It is less than a hundred days before Christmas and there is a festive reason to head now to Paete – the abundance of Christmas decors!
At the onset of the holiday season, one of the shops in this small town, M&E Paete Handicraft, otherwise close during the rest of the year, welcomes customers with delightful Santa Claus papier maches, Nativity sets and Nutcrackers made of fiber glass, and gingerbread houses tree trimmings, among other delightful Christmas ornaments. Divisoria retailers buy in bulk in Paete shops like M&E while celebrities also dress their homes with proudly Filipino crafts.
But beyond the Christmas ornaments, Paete and its environs have more offerings that charm the senses.
Paete in Philippine culture
Officially recognized as the Carving Capital of the Philippines, Paete is one of the towns of the province of Laguna that sprawls along the shores of Laguna de Bay and the foot of the Sierra Madre mountain range. Named after the paet or chisel, the primary tool in woodcarving, Paete is renowned for its fine and exquisite sculptures that have graced the world. Today, the Paeteños’ centuries-old tradition of carving as well as painting live on as can be seen through shops selling sculpted religious images and home decors thriving at the heart of town. Aside from sculptures and paintings, specialty stores also offer affordable handmade paper-based products.
A day trip to Paete introduces travelers to arts, geography, history, and charms that are quintessentially Southern Tagalog. Once quenched by the arts of Paete, strolls and quick jeepney and tricycle rides carry travelers to more sublime reminders of history and gifts of nature.
The religious life of the town is centered on the parish church dedicated to St. James The Apostle. Founded by Spanish friars in 1580, the groundbreaking of the current Baroque-style church was in 1864. The parish church of Paete survived several earthquakes and witnessed human sufferings having been a dungeon and torture house during Japanese occupation.
The church’s facade features bas reliefs and a sculpted image of St. James slaying a Moor. In its interior, the retablos, paintings, statues, bas reliefs, and other fine details were all crafted by Paeteños making this church one of its kind in the country. Among the prominent features of the church are the 19th century murals of Luciano Dans, a Paeteño. His murals depicting saints and biblical images were executed on wood panels using natural color pigments mixed with volcanic ash and brushes made from fine cat fur. Sadly, the murals require adequate restoration work due to infestation of termites.
Neighboring Lumban and Pakil
Paete is flanked by the towns of Pakil and Kalayaan. Pakil is just ten minutes from Paete with tricycles as the primary transportation navigating both towns. Pakil has a long history of excellence in music that began in the 1850s and many of its sons and daughters have been catapulted to domestic and global music scenes.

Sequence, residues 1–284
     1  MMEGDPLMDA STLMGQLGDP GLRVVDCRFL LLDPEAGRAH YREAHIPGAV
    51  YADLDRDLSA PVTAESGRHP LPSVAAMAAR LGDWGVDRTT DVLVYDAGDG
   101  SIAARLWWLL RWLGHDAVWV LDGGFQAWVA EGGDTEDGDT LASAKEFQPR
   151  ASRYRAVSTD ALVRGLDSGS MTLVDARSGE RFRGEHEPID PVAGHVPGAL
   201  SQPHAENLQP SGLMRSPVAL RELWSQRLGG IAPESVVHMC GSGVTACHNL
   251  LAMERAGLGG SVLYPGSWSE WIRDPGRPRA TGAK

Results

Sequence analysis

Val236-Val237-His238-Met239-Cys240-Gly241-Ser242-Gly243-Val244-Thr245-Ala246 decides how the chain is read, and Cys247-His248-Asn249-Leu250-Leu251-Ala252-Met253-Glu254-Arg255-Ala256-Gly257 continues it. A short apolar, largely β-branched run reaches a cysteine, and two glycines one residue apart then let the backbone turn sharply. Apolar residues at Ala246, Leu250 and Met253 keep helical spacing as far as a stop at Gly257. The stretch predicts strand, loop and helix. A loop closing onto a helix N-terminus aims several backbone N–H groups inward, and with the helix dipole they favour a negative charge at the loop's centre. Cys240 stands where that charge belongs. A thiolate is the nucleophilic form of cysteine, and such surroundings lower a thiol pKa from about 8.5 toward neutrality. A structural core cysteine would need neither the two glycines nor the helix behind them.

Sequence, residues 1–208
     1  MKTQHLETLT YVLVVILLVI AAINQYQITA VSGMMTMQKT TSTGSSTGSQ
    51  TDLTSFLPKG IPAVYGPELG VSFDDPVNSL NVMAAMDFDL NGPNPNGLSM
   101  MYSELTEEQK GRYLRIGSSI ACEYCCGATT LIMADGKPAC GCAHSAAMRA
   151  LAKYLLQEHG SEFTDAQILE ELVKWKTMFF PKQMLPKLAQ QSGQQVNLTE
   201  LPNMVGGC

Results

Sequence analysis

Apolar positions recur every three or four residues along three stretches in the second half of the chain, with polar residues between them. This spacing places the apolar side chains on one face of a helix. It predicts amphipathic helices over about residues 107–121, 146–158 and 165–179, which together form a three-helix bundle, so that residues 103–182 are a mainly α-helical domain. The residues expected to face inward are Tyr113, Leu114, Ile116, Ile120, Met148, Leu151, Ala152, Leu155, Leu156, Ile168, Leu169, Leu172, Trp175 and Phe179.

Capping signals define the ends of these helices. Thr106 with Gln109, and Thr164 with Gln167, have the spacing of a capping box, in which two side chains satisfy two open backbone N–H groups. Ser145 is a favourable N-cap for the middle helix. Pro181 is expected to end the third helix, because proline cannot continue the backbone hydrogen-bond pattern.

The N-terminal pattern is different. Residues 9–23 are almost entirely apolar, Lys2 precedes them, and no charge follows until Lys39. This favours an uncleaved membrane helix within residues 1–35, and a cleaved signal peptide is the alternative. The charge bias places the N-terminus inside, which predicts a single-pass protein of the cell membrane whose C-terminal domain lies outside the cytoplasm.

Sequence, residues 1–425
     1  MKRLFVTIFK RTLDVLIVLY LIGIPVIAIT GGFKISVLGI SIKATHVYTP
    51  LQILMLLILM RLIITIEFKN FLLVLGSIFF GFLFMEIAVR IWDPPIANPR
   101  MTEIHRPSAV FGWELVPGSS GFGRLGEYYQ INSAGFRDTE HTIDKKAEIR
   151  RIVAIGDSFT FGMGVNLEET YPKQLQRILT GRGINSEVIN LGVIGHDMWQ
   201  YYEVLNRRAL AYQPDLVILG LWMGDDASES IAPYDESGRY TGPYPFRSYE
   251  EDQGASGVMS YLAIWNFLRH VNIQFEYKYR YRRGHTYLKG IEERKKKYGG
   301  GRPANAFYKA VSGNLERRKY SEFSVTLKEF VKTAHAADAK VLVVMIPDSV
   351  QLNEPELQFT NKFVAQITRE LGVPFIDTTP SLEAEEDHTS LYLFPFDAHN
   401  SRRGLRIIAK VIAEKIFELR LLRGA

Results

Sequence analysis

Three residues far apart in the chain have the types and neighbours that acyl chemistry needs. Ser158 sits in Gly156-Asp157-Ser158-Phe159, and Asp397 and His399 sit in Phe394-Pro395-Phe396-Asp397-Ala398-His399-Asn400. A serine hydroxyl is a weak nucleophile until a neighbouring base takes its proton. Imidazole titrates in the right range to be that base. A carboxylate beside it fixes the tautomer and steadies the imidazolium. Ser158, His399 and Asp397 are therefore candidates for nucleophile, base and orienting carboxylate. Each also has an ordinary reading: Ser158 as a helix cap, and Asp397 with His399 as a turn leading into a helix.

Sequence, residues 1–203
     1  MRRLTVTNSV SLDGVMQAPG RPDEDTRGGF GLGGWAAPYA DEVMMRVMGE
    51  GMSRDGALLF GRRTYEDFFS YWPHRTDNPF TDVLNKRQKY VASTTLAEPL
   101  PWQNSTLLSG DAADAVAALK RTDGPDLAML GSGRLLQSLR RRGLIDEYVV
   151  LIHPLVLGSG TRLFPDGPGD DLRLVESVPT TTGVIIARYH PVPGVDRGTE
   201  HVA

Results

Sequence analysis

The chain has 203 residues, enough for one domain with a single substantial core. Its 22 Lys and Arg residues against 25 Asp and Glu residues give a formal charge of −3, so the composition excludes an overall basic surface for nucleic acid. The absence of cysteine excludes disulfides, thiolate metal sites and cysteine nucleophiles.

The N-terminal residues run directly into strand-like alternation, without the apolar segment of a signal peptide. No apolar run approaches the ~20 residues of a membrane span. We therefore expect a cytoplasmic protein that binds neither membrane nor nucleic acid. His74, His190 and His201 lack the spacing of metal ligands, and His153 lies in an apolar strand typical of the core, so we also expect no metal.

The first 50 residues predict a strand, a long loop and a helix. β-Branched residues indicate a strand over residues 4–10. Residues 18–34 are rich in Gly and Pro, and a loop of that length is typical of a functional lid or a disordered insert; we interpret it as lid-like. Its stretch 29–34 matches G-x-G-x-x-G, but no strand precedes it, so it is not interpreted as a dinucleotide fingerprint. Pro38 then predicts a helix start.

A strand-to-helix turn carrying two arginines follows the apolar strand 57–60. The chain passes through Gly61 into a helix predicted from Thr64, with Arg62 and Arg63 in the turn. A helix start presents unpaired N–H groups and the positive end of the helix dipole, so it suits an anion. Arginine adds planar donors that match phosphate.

Pakil is home to the parish church dedicated to St. Peter of Alcantara. The church is also the Diocesan Shrine in honor of Nuestra Señora de los Dolores or Our Lady of Sorrows of Turumba. Completed in 1767, the church construction followed the Corinthian and Ionic orders and possesses elaborately designed side entrances typical of churches in Laguna province.
Traveling via Laguna’s capital municipality of Sta. Cruz, Paete is preceded by Kalayaan and before that, Lumban, a town notable for its fine embroideries and being the location of Caliraya, the country’s largest man-made lake. While a getaway to Caliraya may take a day or two, a quick detour brings the faithful and explorer to the town proper and its parish church dedicated to San Sebastian. Established by Franciscans in the 1500s together with Pila, Lumban was the first Spanish town in Laguna and neighboring Cavinti, Pagsanjan, and Sta. Cruz were once part of it. Though San Sebastian is Laguna’s first stone church, it faced many destruction and the current adobe infrastructure was only completed during the American period.
Sunset by the Bay
Cap the day by spending the remaining hour at the mountaintop junction separating Lumban and Kalayaan towns. This point overlooks the Laguna de Bay and entreats travelers with a gorgeous sunset view. The junction won’t be missed as it is just along the highway marked by a picturesque park built by a local civic organization.
From Manila, travelers take a two-hour Sta. Cruz-bound bus. From the plaza of Sta. Cruz, look for Paete or Siniloan signboards and check the driver if he is dropping by Paete Loob. Henceforth, Paete is approximately 30 minutes away. If traveling via San Pablo City, also take jeepneys bound for Sta. Cruz. Before reaching Sta. Cruz in less than two hours, travelers pass by the towns of Calauan, Victoria, and Pila.
Take Paete home with you by buying a souvenir or two. During your day trip to Paete and neighboring Lumban or Pakil, if fortune introduces you to a little wonder or a yet to be discovered gem, do let Sebastian Pitbull know.